Continuing with my review of Chapter 4, here are my thoughts on Chapter 5.  The optimizer is very good at what it does,  but no one is perfect.  There may be rare cases where the optimizer needs a hint to force a certain type of behavior.  Although this may bring immediate gains in query performance, over time, the new plan generated may cease to function better than the what the optimizer can compile on the fly.  The reason for this is data change.  As the data changes, statistics are updated and the selectivity of the data changes which causes indexes to become more or less useful.  This is why using hints is dangerous and should be used sparingly.

Things I learned

Besides using the occasional evil hint ‘WITH (NO LOCK)’, I don’t use hints.  Partly because I didn’t understand the query plans that well before reading this book and I had lots of respect for the optimizer.  Now that I understand how execution plans are generated, I can see a useful need for hints, testing.  To be able to change the behavior of the optimizer by using a Query, Join or Table hint is a powerful learning tool.  You can start from the optimizer’s auto generated plan and start poking it with hints to see how the I/O and query time changs.

If I were to start using hints, I would definitely see a need for a tracking document or metadata query to reevaluate the execution plans.  If the tables involved are static in nature, you may not need to bother with reworking the query plan hints but once a year.  On the flip side though, a monthly review may be necessary if the query is pulling data from volatile tables.

Likes

Even though controlling execution plans with hints is frowned upon, Grant did a great job going through examples of each hint and how you can use them to better understand the optimizer.  Grant may it very clear throughout the chapter to use hints at your own risk, but if you find a select operator has timed out looking for the best plan you may have an opportunity to use hints.

Dislikes

As with most chapters thus far, no complaints on the material presented.

On to chapter 6!

Doug Purnell

Virtual Book Club: SQL Server Execution Plans, Chapter 4

SQL Server Execution Plans

Everyone loves reading a good book, especially about SQL Server.  I’ve been on a training kick lately and the timing of this book club was perfect.  Denis Gobo (b|t) has experience starting a book club where he works and decided to bring it to the SQL Server community.  The goal of the club is to read a chapter each week and discuss things you learned, liked and disliked.  You can ready Denis’s original post here.  The first book chosen was written by Grant Fritchey (b|t) and is titled “SQL Server Execution Plans, Second Edition”.  You can get a free electronic copy or purchase a print copy from simple-talk.com.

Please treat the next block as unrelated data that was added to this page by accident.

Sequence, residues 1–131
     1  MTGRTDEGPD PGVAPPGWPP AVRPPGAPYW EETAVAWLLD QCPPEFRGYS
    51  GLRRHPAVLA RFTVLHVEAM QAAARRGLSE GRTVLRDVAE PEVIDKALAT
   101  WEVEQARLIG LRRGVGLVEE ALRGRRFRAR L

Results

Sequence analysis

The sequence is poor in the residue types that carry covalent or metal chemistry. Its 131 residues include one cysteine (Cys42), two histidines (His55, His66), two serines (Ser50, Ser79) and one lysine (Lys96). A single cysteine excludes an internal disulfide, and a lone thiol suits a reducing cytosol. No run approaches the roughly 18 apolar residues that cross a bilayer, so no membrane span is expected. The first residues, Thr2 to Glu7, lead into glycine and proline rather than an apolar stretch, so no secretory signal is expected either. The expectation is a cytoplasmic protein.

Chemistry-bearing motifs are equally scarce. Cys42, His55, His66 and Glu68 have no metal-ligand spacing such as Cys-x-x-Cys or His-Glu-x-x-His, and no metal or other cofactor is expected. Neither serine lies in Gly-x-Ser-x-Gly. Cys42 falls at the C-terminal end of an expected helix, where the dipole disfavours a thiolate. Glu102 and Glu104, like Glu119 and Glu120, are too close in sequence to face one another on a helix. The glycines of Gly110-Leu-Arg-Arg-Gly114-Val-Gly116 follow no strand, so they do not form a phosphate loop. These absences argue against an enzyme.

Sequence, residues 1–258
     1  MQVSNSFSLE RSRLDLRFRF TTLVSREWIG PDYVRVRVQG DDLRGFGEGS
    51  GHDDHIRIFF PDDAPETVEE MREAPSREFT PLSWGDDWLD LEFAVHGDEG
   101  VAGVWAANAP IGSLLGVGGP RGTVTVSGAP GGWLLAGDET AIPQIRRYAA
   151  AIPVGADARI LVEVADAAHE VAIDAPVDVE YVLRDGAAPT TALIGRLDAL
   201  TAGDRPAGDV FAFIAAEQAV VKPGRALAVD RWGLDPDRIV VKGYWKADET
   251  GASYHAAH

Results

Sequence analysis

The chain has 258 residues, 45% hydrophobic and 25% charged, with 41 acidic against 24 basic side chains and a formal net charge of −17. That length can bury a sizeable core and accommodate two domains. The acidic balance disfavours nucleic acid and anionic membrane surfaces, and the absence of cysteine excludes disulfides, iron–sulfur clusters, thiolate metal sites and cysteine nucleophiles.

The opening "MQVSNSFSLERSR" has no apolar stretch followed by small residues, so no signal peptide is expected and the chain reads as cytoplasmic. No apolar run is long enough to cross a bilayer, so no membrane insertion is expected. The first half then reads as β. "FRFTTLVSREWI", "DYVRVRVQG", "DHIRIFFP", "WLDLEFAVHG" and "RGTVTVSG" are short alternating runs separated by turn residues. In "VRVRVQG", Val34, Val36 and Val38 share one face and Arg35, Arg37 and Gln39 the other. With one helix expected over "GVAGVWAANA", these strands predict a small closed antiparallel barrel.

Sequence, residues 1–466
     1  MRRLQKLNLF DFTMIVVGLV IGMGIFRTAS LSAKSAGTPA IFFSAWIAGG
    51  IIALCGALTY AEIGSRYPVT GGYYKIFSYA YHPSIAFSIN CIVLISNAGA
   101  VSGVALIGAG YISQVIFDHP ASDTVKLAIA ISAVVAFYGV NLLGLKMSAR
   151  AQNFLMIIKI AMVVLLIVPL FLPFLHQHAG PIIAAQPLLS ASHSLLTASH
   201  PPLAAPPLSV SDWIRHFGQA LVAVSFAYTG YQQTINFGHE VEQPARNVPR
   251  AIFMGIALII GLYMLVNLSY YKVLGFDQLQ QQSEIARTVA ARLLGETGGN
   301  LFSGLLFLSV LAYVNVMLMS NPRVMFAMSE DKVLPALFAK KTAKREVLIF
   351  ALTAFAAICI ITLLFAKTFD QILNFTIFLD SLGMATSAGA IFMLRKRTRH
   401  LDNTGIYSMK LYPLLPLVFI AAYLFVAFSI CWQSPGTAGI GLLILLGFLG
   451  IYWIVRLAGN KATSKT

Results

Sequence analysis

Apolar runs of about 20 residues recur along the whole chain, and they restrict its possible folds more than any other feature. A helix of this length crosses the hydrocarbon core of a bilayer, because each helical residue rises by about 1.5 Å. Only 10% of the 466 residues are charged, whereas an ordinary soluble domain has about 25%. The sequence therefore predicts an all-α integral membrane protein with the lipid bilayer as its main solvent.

Continuing with my review of Chapter 3, here are my thoughts on Chapter 4.  This chapter was a deeper dive into some of the more complex plans that can be generated from T-SQL statements like APPLY, CTEs, MERGE, views, as well as how indexes are chosen.

Things I learned

Writing queries is an art form, you need to understand all the T-SQL statements and how they affect the query plan.  Don’t get stuck on always using one technique over another.  For example, adding a WHERE clause to a sub-select may out perform an APPLY statement (based on the data set).  The point here is by understanding how each T-SQL statement will interact with your data, you can try different approaches to solving your problem and reach the results in the most efficient way.

Using ROLLBACK can be a useful approach when needing to view the actual execution plan for UPDATE, INSERT, DELETE, or MERGE statements.  This allows the actual query plan to be generated but the DML is not committed to the database allowing you to repeatedly change the query to generate the best quality plan.

Likes

Grant did a great job of teaching how to dissect large query plans.  Just like when you are trying to each an elephant, you need to approach large query plans one operator at a time.  I also thought the way Grant explained views and indexes was very thorough.  I now have a better understand of when a view might be expanded to the table level or when an index might be passed over because of bad statistics.

The other thing I noticed is how Grant was able to sharpen our understanding of T-SQL and database fundamentals in the process of this chapter.  Being able to learn how the query optimizer generates plans while learning better uses of sub-queries, APPLY, CTEs, MERGE, views, and indexes is a great thing.